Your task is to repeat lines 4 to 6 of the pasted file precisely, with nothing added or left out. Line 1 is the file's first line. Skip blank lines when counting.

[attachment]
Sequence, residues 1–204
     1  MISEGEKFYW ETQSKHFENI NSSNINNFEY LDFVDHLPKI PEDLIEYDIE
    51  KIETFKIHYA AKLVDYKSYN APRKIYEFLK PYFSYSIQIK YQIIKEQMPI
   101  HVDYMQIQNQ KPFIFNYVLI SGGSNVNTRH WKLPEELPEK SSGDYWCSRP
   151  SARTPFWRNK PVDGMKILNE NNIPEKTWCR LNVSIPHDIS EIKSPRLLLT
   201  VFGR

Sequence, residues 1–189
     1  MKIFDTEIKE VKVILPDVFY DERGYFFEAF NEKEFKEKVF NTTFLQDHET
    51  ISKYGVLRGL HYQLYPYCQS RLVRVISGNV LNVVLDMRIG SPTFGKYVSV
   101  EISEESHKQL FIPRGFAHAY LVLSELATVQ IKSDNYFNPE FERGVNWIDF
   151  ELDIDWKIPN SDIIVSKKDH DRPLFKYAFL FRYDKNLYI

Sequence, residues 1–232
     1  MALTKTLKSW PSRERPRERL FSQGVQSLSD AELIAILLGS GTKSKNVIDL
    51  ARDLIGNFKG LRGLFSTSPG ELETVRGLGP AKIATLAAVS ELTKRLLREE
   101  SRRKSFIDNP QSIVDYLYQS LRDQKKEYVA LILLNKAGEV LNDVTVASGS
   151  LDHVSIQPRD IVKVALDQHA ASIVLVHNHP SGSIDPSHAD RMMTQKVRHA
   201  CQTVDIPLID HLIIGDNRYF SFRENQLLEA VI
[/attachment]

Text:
   101  HVDYMQIQNQ KPFIFNYVLI SGGSNVNTRH WKLPEELPEK SSGDYWCSRP
   151  SARTPFWRNK PVDGMKILNE NNIPEKTWCR LNVSIPHDIS EIKSPRLLLT
   201  VFGR